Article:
FOXBOROUGH, Mass. -- Of all the impressive numbers the New England Patriots produced in their didn't-see-this-coming season, one of the most notable is 22. That is the number of players on the team's roster, or injured reserve, who entered the NFL undrafted.
Maybe that explains why the Patriots have approached their work with a hard-to-miss chip on their collective shoulder pads. Quarterback Tom Brady has said he still reminds himself that he was the 199th selection in the 2000 draft, something that still motivates him. And this team has a bunch of those types of stories at various spots.
A big part of the Patriots' core is made up of players who had to scratch and claw their way onto a roster, a group that includes 1,000-yard running back BenJarvus Green-Ellis, unheralded offensive lineman and "NFL-leading" kickoff returner Dan Connolly, new fan favorite Danny Woodhead, surprising starting cornerback Kyle Arrington and incomparable receiver Wes Welker.
That dynamic, coupled with how the team responded to the stunning trade of Randy Moss in early October, makes the 2010 Patriots unlike any other Super Bowl contender. And, for that matter, unlike any Patriots team Bill Belichick has coached in his 11-year tenure in New England.
The Patriots are NFL proof that draft status means little when it comes to building a talented roster. In ESPN analyst Trent Dilfer's view, it's a classic case of the Pats getting the most out of their talent, which is the "Bill Belichick way."
"What you need to be a great team is for players to play great in what you ask them to do," Dilfer said. "If you can build a roster maximizing everyone's strengths and disguising or avoiding their weaknesses -- getting the best out of a guy -- the team is better because of it. That's how I look at the Patriots."
Dilfer isn't alone. One NFL pro personnel director said he thinks that approach hits at the core of why Belichick is so successful -- he knows talent and how it projects to his scheme. The ability to properly assess players' strengths and weaknesses and put them in a position to succeed -- and out of situations in which they will be exposed -- is viewed as the foundation of Belichick's approach.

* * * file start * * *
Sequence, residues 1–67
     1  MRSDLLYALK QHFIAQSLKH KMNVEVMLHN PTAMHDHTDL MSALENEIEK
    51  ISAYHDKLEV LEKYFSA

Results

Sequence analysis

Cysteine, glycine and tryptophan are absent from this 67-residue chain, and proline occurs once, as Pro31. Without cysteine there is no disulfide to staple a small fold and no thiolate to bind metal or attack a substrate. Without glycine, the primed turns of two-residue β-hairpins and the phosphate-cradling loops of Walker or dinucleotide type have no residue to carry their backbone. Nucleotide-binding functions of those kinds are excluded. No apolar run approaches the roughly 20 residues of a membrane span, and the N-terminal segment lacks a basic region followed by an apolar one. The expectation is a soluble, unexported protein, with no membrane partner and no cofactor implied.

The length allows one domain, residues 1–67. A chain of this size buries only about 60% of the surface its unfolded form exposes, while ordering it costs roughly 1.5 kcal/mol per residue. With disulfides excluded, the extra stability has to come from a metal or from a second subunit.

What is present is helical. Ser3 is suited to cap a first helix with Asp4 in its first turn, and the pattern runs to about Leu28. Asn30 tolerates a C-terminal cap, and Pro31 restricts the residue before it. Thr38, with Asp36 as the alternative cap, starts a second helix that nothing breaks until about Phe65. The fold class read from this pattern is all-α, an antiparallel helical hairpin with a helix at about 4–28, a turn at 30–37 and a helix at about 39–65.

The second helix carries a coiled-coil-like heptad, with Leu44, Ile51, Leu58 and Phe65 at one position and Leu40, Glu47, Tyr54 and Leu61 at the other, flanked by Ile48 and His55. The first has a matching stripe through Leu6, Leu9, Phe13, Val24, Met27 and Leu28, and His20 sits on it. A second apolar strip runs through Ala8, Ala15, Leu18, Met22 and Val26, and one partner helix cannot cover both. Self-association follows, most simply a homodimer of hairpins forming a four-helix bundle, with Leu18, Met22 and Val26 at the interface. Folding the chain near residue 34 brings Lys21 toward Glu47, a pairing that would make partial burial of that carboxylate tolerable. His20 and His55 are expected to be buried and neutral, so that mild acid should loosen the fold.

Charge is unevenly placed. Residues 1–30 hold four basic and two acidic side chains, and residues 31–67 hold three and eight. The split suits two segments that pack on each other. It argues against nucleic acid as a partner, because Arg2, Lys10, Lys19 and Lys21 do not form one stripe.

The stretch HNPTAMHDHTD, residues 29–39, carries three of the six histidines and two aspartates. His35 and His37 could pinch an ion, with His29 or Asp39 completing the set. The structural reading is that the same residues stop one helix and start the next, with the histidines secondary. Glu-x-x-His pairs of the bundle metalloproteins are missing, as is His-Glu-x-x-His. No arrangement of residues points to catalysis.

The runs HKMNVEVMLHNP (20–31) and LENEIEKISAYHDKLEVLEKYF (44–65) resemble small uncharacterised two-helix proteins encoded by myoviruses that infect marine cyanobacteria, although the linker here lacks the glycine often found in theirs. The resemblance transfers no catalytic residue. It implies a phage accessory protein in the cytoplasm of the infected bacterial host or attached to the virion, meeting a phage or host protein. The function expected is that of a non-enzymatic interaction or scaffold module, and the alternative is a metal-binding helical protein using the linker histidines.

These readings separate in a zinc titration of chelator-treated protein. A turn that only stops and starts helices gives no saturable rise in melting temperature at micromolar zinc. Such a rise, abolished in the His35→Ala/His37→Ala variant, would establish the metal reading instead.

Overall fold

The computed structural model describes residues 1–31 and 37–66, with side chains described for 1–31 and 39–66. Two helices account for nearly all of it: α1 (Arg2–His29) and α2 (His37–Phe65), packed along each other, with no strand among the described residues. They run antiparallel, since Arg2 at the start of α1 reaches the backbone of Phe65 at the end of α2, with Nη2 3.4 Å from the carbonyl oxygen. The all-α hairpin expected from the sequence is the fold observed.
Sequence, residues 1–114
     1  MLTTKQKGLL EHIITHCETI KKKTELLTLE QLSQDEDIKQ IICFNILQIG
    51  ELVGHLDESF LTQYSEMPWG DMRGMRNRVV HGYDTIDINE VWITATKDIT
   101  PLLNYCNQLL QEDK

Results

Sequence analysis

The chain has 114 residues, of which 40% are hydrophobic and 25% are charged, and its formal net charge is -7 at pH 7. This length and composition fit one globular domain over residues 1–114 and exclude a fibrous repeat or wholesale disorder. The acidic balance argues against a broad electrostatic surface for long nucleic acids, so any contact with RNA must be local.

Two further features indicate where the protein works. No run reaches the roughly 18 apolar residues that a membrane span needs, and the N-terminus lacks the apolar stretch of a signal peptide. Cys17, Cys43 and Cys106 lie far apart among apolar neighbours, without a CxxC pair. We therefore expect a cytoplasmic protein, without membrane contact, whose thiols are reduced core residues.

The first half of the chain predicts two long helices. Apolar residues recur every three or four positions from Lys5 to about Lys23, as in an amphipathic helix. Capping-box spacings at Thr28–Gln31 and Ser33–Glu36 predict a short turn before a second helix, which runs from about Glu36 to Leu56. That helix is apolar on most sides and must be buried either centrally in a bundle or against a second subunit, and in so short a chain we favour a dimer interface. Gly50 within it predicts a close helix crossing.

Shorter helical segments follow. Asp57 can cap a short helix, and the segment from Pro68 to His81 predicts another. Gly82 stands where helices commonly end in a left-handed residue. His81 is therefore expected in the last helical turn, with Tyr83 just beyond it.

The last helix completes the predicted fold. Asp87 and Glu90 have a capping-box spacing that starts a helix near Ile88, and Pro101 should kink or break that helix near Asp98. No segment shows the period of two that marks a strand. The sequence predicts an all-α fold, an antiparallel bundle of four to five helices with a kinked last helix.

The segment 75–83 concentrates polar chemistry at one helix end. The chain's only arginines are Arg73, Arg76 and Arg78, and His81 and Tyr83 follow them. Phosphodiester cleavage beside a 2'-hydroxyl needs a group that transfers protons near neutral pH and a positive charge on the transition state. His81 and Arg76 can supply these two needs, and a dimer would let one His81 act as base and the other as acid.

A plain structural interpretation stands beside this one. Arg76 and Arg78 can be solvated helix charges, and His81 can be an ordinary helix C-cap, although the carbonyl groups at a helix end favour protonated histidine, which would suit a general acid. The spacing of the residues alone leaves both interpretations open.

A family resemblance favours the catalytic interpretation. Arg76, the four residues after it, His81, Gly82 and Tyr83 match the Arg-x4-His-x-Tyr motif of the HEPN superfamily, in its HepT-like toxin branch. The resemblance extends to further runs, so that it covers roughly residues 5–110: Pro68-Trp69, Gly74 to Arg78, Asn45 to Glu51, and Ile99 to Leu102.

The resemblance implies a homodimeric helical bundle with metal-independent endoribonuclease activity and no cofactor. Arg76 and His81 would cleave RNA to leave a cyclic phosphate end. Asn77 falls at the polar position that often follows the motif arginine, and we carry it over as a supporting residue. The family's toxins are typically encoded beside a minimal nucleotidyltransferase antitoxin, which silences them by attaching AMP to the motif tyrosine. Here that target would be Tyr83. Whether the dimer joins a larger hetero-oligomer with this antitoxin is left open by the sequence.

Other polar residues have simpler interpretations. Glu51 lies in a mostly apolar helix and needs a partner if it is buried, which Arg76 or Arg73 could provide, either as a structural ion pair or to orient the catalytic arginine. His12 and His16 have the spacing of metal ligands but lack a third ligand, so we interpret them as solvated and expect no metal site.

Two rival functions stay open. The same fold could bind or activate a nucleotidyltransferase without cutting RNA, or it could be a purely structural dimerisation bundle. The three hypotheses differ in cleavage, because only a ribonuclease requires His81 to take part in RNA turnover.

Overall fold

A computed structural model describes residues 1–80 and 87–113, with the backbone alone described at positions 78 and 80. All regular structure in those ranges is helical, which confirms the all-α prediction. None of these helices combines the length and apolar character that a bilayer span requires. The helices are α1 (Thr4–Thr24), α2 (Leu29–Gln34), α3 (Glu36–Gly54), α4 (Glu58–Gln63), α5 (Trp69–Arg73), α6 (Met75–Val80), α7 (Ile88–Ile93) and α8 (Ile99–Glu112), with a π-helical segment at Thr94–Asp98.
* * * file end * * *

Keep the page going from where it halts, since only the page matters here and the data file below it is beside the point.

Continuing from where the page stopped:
Now in his 10th NFL season and first with the Patriots, tight end Alge Crumpler has taken note. "He tends to get the best out of his players and I respect that the most," he said of Belichick.
Dilfer points to Welker as one example. The Patriots don't have him running deep corner routes in the vertical game, but instead Welker runs pass patterns that are tailored to take advantage of his quickness in the middle of the field. There are similar examples across the roster, as Dilfer also sees Belichick leaving enough flexibility within his system to fully tap a player's strengths, whether he is a first-round draft pick, a seventh-round selection or an undrafted signee.
Belichick has also proved that draft status doesn't affect decisions on playing time or, for that matter, roster spots. It's not always easy to acknowledge that a higher draft pick has slipped behind a player who was either a late-rounder or not selected at all, but part of Belichick's philosophy is that the best players will get the nod, regardless of résumé.
At running back, he traded 2006 first-round pick Laurence Maroney in favor of Green-Ellis. With Green-Ellis and Woodhead, the Patriots have two undrafted free agents in the backfield, and at least one of them has been on the field for 817 of the team's 1,012 offensive snaps this season.
Connolly, a former practice squad player, started 13 games on the offensive line and delivered one of the most memorable plays of the season with a 71-yard kickoff return against the Packers on Dec. 19. Welker remains his usual solid self, while Arrington took over for 2009 second-round pick Darius Butler in Week 3 and has started at corner since. Linebacker Gary Guyton has carved out his niche, and it's quite possible that rookie free agent Kyle Love will be starting on the defensive line Sunday.
The reliance on previously undrafted players, and youth, has made the 2010 season unique for Belichick. Having fielded one of the league's oldest teams in recent years, these Patriots have one of the youngest defenses in the NFL. Only in 2000, when rookies and first-year players comprised anywhere from one-third to one-half of the roster, as he inherited an unfavorable salary cap situation, have the Patriots been this young under Belichick.
The Patriots won five games that season. They won 14 this season and find themselves three wins away from the ultimate goal.
Not bad for a roster filled with late-round draft picks and 22 more who didn't hear their name called on draft day.